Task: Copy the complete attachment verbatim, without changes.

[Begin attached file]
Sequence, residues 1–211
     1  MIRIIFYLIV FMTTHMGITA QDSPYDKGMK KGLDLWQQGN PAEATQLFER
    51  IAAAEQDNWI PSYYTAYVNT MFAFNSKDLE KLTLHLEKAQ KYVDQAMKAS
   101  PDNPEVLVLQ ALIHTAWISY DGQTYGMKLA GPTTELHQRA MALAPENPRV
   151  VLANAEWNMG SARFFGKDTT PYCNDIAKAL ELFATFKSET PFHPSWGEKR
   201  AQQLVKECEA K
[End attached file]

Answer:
Sequence, residues 1–211
     1  MIRIIFYLIV FMTTHMGITA QDSPYDKGMK KGLDLWQQGN PAEATQLFER
    51  IAAAEQDNWI PSYYTAYVNT MFAFNSKDLE KLTLHLEKAQ KYVDQAMKAS
   101  PDNPEVLVLQ ALIHTAWISY DGQTYGMKLA GPTTELHQRA MALAPENPRV
   151  VLANAEWNMG SARFFGKDTT PYCNDIAKAL ELFATFKSET PFHPSWGEKR
   201  AQQLVKECEA K